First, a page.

What You Should Know About ‘Childhood Alzheimer’s

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Kid with alzheimer's

It’s a rare disease that has gained notoriety a few years back because of its unusual name: childhood Alzheimer’s. That’s what the public called it, at least.

The health condition is just how it sounds like: dementia symptoms, particularly forgetfulness, observed in a toddler, an 18-month old girl. The kid was learning about her first words, and then having trouble remembering them.

What exactly is childhood Alzheimer’s? Is there a cure to it? Is there a way to avoid it? Here’s what you should know about this rare disease.

It’s different from Alzheimer’s

The first thing that has to be clear here is that the term “childhood Alzheimer’s” is quite inaccurate. The type of cognitive decline the 18-month old on the news had is actually called Niemann-Pick disease type C (NPC).

Other kinds of diseases can create these dementia-like symptoms among children, and they belong to a group of conditions called lysosomal storage diseases. Alzheimer’s disease is neurodegenerative, meaning it results from loss of function of neurons. Lysosomal storage diseases, while also neurodegenerative, are genetic and neurodevelopmental as well, meaning they develop due to mutated genes and impairments on the growth of the brain or the nervous system.

What happens exactly? The abnormal genes create deformed types of proteins responsible for getting cholesterol and other fatty substances out of the lysosome in a cell. When they remain and build up in there, that’s when the impairments happen, as the cells function act up, others dying, in fact. So, while it exhibits cognitive decline, childhood Alzheimer’s is different from dementia.

It affects not just the memory

Sad son hugging his motherThe forgetfulness is just the first thing parents observe in their kids. As the disease progresses, children may also lose their ability to speak, maintain balance and even hold their toys. Those who suffer from NPC often have trouble moving their eyes to look up or down. They also tend to blink more frequently.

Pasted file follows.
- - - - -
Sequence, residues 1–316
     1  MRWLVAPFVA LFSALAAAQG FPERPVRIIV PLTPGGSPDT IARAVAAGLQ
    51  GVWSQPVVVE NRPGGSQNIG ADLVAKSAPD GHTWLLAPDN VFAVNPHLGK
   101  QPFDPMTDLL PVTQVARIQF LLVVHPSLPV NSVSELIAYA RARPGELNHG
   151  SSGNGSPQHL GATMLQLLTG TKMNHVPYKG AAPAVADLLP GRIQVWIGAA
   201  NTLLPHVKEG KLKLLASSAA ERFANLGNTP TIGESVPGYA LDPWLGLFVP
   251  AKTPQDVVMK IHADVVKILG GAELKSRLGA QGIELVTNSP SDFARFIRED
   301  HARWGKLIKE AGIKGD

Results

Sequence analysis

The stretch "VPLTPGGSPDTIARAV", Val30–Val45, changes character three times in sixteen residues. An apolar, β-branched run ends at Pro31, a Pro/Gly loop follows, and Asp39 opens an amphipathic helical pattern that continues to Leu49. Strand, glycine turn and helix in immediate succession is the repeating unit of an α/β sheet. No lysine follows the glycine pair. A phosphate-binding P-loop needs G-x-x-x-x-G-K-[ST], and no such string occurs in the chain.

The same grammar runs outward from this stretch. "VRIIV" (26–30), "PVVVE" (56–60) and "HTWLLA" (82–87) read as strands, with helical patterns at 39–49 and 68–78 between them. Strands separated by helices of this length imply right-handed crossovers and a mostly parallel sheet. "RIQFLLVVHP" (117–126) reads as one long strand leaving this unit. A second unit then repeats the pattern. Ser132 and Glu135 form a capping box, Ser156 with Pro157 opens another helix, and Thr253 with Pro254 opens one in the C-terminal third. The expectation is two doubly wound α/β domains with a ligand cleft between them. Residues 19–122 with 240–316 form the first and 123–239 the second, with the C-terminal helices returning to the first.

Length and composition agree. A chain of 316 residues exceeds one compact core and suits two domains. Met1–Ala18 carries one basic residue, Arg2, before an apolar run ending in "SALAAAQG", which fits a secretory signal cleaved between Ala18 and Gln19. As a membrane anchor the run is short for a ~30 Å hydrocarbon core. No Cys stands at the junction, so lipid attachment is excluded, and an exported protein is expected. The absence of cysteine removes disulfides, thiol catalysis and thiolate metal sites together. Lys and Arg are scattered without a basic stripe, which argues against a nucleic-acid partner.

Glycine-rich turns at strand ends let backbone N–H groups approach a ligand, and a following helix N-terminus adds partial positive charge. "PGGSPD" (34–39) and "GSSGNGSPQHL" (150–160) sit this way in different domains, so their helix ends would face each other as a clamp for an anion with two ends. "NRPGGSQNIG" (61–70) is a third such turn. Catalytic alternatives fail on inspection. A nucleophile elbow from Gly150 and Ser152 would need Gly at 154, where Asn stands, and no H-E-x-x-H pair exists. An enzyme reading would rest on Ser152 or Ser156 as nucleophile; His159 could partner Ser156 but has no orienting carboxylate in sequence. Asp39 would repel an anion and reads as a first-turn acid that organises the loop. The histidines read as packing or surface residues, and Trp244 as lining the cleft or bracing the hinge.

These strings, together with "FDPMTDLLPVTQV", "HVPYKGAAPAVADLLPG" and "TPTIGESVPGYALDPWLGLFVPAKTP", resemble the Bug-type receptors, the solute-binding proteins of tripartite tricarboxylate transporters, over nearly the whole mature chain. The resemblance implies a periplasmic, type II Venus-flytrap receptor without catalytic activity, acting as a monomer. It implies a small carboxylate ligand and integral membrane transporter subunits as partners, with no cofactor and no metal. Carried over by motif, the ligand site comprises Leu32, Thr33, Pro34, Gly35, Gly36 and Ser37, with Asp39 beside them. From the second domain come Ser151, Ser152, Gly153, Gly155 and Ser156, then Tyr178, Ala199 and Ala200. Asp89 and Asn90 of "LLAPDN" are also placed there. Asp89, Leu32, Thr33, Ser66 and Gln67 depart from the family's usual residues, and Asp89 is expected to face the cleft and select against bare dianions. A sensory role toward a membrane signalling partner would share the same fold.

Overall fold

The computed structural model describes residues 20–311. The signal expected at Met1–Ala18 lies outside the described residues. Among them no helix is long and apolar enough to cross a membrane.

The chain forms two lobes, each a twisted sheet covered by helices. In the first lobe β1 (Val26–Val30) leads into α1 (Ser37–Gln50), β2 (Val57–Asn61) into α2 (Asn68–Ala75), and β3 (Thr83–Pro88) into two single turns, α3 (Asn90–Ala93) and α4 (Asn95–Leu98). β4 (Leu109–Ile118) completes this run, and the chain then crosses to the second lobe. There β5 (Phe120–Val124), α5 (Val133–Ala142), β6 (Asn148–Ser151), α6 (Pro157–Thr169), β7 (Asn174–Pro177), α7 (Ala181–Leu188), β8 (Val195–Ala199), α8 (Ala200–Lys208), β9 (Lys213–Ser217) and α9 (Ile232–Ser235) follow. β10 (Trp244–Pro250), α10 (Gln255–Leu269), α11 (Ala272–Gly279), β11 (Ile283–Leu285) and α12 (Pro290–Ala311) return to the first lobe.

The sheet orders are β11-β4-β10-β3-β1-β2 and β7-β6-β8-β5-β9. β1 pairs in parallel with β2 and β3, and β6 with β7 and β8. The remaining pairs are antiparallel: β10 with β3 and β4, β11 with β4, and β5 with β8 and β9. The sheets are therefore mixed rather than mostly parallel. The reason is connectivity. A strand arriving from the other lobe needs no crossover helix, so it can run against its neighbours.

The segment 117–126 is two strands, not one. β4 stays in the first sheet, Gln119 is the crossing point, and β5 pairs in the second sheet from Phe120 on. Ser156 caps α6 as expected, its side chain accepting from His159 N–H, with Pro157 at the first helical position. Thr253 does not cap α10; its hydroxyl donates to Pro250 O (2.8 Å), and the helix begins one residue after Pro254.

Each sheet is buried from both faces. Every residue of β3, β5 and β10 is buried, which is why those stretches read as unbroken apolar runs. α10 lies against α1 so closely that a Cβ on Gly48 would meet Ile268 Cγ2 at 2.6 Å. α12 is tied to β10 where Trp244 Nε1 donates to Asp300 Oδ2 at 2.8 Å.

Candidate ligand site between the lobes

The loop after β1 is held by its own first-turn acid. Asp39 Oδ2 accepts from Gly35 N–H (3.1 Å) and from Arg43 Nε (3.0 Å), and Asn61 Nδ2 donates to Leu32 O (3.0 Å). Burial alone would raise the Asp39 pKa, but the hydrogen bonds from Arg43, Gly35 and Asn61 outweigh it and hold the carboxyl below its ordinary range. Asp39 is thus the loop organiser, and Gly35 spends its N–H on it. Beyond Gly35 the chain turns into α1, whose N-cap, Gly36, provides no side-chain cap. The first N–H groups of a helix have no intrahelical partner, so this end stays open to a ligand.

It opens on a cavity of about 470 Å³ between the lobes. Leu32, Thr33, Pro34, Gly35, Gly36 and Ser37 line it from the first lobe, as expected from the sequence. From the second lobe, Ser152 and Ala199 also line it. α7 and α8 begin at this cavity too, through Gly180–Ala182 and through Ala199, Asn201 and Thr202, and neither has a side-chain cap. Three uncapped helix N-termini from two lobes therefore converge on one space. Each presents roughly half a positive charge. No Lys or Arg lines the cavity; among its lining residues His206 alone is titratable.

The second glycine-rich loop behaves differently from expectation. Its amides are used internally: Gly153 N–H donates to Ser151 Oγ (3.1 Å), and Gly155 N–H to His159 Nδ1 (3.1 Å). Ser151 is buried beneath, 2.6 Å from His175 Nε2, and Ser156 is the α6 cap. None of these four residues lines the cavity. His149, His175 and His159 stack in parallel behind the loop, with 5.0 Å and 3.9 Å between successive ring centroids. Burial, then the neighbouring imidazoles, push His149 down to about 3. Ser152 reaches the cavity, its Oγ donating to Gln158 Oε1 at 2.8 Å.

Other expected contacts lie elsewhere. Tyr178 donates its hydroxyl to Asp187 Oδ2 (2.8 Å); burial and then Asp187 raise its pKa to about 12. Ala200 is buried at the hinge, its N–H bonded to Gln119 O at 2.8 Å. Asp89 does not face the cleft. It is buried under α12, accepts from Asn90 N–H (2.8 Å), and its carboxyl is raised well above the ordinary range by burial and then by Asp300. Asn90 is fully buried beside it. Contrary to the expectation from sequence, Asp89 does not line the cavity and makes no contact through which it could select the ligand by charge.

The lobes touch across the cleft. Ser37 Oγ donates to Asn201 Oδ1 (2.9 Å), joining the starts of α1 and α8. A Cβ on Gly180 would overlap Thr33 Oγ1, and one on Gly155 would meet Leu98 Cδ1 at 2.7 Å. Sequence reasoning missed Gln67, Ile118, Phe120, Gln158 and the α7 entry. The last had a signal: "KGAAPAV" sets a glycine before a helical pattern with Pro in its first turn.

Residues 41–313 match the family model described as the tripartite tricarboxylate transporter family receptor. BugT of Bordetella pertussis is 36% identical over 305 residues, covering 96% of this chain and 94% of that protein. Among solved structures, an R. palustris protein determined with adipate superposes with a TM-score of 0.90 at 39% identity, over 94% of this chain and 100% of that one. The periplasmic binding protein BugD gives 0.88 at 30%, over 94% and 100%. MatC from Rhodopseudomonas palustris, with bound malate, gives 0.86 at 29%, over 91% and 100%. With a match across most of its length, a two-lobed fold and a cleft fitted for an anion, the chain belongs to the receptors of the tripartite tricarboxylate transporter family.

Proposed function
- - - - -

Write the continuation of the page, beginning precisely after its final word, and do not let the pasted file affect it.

Those who have Sanfilippo syndrome, another type of lysosomal storage disease, tend to be hyperactive, even finding it hard to sleep at night. Beware of dismissing these symptoms as behaviors that will eventually go away. They may not unless there’s medical intervention.

Consult your doctor for what’s normal and what’s not in your child’s behaviors. Take note of the developmental milestones and see if your child is on track. If you notice oddities, take them to a pediatric clinic in Salem immediately. Doctors recommend keeping a health diary of some sort for your kid so that you can share more information.

It has no cure

Unfortunately, lysosomal storage diseases don’t have a cure. Often, patients have 10 to 15 years to live, and the health condition can worsen during that period. It’s also observed that the younger the patient is when the disease starts, the more severe the disease can become.

Some drugs can slow down the cognitive decline though, namely miglustat and VTS-270. But still, there are some setbacks. Miglustat isn’t FDA-approved in managing lysosomal storage disease symptoms (only in Gaucher disease), and VTS-270 is still undergoing tests and research. If there’s any consolation, support for patients is alive. There are many medical societies, research foundations and patient groups you can connect to.

Childhood Alzheimer’s seems to be unreal, but it happens, and it makes kids, parents, a lot of families suffer. Consult your doctor if you suspect this disease in the family. The more information you get, the better you can decide moving forward.